Traditional fiction is easy. Formulaic. I don't need the heroes journey retold for the thousandth time. Brazil. Zoo Story. Gregor Samsa. These are hard stories well told. I'm not nominating anyone for a Pulitzer here, but I applaud a hard story well told, rather than another simple triumph over evil saga in a new setting.

The first 90% of the story was not a J Campbell style Hero's Journey - it wasn't even it about Booker. We followed the development of Elizabeth and Vox, and got all the cues for a different story. It followed a Heroine Journey cycle much more then a Hero's Journey, and I challenge anyone to point me towards another video game that does that. Seriously, I am looking for game suggestions

Spoiler:

BI was a pleasure because it wasn't like all other games I've played - until the end. All of Elizabeth's development as a character was rendered meaningless because she ended up as plot device; nothing more then a mechanism for Booker's own story. It's like every other game because the world revolves around the white guy. Nevermind Elizabeth, nevermind the Vox. For me, it wasn't cut from the same cloth as every other game I've played until the end, when it was disappointingly typically.

I disagree that myth arch fiction is easy, or even necessarily formulaic, but that's not really a discussion for here. Also, to clarify, the Life Cycle myth archtype (Hero's/Heroine's Journey) is not about triumph over evil, it's a story template about conquering oneself and reaching maturity. Fundamentally, that includes themes of redemption at one's own hand. I'd also argue that the nihilistic/Grace story BI tells is just as much a myth arch as a Life Cycle journey story. It's just one I very much dislike. YMMV.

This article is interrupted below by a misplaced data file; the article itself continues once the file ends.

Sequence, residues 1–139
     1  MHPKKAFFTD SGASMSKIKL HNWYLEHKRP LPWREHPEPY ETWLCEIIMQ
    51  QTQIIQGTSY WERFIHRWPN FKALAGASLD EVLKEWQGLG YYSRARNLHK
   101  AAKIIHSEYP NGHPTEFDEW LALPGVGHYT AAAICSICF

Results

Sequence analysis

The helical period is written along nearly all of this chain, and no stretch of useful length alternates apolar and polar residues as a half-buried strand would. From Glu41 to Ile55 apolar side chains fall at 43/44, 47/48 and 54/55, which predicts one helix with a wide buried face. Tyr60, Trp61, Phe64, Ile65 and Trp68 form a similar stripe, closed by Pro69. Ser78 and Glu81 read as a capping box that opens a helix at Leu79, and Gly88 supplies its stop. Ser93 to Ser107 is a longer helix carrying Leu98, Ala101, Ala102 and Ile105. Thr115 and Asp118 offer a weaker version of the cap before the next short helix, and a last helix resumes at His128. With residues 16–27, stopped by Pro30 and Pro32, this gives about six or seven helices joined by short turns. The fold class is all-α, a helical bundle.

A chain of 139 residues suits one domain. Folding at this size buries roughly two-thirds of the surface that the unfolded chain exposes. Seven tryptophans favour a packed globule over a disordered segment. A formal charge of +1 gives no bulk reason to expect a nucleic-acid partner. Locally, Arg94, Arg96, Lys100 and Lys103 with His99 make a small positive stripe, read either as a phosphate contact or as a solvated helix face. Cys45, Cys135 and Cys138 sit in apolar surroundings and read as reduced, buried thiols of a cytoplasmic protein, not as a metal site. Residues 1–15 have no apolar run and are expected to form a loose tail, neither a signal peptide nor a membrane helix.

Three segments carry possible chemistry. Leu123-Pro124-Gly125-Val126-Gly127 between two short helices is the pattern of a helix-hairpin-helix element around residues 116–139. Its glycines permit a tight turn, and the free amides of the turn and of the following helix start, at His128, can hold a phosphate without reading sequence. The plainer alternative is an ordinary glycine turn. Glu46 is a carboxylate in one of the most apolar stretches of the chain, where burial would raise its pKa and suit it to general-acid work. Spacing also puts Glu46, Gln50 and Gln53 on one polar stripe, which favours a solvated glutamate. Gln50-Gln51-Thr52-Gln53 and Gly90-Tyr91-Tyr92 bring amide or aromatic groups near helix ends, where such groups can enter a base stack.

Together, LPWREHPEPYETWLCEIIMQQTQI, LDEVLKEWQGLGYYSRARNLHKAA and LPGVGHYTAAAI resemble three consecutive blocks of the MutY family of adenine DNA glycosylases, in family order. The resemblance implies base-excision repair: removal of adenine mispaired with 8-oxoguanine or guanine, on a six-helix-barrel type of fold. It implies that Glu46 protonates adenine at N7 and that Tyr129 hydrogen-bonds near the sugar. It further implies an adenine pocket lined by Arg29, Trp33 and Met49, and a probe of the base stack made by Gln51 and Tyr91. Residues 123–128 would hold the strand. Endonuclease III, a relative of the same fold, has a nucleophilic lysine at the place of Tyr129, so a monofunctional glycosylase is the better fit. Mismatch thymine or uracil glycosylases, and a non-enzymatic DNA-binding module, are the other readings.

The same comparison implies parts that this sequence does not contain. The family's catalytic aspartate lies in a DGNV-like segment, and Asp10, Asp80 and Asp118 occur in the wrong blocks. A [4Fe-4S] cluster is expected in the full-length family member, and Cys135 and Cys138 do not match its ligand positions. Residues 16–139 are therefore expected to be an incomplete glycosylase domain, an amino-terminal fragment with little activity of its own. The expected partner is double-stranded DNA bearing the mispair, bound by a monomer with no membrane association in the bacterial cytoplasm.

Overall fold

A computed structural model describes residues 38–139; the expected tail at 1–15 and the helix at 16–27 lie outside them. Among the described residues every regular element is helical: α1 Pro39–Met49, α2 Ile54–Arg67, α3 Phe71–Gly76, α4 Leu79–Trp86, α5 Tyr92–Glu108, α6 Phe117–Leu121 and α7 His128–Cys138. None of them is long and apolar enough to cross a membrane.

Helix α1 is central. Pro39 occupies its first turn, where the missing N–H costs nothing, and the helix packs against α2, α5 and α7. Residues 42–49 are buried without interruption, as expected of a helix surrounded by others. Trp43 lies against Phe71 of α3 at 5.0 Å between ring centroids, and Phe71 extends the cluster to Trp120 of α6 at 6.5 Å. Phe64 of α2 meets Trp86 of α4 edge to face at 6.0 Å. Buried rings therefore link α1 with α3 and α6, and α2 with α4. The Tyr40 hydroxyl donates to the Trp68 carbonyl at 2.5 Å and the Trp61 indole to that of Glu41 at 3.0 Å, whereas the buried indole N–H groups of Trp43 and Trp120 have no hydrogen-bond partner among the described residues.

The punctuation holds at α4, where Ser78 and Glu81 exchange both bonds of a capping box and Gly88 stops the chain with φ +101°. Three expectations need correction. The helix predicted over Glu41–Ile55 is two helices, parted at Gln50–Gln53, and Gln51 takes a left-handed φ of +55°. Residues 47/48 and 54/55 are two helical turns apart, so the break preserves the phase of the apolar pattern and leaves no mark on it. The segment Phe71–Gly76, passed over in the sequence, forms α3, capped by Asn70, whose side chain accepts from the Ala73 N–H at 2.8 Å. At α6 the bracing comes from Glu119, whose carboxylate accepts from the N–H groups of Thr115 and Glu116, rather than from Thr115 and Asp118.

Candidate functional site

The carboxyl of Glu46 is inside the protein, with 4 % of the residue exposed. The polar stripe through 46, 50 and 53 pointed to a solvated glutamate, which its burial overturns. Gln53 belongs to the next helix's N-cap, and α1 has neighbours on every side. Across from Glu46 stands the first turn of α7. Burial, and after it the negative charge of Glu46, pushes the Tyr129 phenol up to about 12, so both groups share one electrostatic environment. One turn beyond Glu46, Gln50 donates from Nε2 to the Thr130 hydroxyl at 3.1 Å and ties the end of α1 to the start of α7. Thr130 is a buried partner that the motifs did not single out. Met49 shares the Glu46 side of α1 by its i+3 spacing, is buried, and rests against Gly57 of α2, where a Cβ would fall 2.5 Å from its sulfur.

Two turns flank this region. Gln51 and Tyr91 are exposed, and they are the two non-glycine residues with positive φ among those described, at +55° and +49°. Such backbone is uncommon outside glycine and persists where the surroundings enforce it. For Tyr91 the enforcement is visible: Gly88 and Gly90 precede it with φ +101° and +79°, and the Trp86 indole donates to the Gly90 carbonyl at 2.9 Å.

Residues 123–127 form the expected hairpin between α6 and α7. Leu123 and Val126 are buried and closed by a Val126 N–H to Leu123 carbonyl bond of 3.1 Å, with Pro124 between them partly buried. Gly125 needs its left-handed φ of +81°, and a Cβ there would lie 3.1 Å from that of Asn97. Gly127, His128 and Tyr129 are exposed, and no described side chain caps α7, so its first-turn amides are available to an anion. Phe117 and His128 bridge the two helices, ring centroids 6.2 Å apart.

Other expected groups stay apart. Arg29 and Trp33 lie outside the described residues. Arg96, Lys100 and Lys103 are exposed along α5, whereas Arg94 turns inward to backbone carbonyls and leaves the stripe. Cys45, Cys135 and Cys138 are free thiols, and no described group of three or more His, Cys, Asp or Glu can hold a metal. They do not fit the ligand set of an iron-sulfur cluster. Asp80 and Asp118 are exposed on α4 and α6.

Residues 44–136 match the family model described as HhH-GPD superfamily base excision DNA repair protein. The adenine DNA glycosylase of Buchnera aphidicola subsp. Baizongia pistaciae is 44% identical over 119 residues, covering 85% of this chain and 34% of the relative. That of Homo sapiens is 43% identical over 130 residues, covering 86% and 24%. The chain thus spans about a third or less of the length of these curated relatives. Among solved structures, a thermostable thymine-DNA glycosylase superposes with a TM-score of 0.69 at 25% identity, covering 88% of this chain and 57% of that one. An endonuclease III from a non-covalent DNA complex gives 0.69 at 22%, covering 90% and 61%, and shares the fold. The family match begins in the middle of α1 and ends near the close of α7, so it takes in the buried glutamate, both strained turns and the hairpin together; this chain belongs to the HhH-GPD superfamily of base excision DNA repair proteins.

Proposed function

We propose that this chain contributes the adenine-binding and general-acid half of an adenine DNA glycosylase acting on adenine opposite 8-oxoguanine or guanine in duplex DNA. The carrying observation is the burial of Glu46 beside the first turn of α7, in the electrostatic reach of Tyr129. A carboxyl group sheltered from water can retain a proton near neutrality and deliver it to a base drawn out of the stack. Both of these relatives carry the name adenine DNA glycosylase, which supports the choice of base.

rabbit wrote:

Traditional fiction is easy. Formulaic. I don't need the heroes journey retold for the thousandth time. Brazil. Zoo Story. Gregor Samsa. These are hard stories well told. I'm not nominating anyone for a Pulitzer here, but I applaud a hard story well told, rather than another simple triumph over evil saga in a new setting.

For most of the game, Bioshock: Infinite WAS going to be a hard story well told -- until

Spoiler:

the final segment, in which the story became an allegory, wherein the protagonists' agency mattered less than the authors' need to make a point about the permanence of sin, the illusion of free will and the gift of divine grace. That's not a hard story. That's a story we've seen told again and again and again in the Christian (particularly the Protestant) literary tradition.

Worse yet, as Sleipnir mentioned, the ending completely negated what had been a fairly brilliant exploration of the agency of oppressed peoples (via the Vox, but also Elizabeth). For about 75% of the game, the message had been that those without power can not wait for freedom to be given to them, that they must seize it for themselves -- and yet, there are consequences of that choice to seize freedom; that every revolution, be they metaphorical or literal, eventually becomes bloody. And while I wasn't wild about the idea of Booker becoming the martyr of the Revolution (white savior trope), I thought it only further reinforced the point that one's choices matter; that we may not be able to erase our past but we can still learn from it and change our ways. It felt like a story of humanist empowerment.